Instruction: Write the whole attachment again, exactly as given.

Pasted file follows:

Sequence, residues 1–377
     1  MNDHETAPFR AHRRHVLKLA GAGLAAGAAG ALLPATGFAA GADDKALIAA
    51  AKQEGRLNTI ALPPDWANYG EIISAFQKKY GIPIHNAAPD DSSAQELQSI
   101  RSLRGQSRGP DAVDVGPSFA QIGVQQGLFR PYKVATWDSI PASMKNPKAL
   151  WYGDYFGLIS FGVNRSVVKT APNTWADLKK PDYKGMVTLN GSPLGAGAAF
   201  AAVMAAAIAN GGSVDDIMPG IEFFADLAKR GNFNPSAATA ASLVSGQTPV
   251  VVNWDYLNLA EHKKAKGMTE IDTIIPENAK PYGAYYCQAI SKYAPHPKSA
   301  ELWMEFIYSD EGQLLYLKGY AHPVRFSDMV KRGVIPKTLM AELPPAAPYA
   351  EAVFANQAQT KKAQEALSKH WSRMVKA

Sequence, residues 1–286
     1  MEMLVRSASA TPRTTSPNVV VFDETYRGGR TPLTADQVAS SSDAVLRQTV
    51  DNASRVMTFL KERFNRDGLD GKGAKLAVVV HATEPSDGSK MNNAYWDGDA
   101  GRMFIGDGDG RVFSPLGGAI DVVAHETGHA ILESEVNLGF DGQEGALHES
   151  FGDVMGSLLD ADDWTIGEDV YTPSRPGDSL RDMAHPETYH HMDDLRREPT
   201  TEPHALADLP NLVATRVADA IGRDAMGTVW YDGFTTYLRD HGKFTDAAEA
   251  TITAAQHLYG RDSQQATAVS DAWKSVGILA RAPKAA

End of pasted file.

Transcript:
Sequence, residues 1–377
     1  MNDHETAPFR AHRRHVLKLA GAGLAAGAAG ALLPATGFAA GADDKALIAA
    51  AKQEGRLNTI ALPPDWANYG EIISAFQKKY GIPIHNAAPD DSSAQELQSI
   101  RSLRGQSRGP DAVDVGPSFA QIGVQQGLFR PYKVATWDSI PASMKNPKAL
   151  WYGDYFGLIS FGVNRSVVKT APNTWADLKK PDYKGMVTLN GSPLGAGAAF
   201  AAVMAAAIAN GGSVDDIMPG IEFFADLAKR GNFNPSAATA ASLVSGQTPV
   251  VVNWDYLNLA EHKKAKGMTE IDTIIPENAK PYGAYYCQAI SKYAPHPKSA
   301  ELWMEFIYSD EGQLLYLKGY AHPVRFSDMV KRGVIPKTLM AELPPAAPYA
   351  EAVFANQAQT KKAQEALSKH WSRMVKA

Sequence, residues 1–286
     1  MEMLVRSASA TPRTTSPNVV VFDETYRGGR TPLTADQVAS SSDAVLRQTV
    51  DNASRVMTFL KERFNRDGLD GKGAKLAVVV HATEPSDGSK MNNAYWDGDA
   101  GRMFIGDGDG RVFSPLGGAI DVVAHETGHA ILESEVNLGF DGQEGALHES
   151  FGDVMGSLLD ADDWTIGEDV YTPSRPGDSL RDMAHPETYH HMDDLRREPT
   201  TEPHALADLP NLVATRVADA IGRDAMGTVW YDGFTTYLRD HGKFTDAAEA
   251  TITAAQHLYG RDSQQATAVS DAWKSVGILA RAPKAA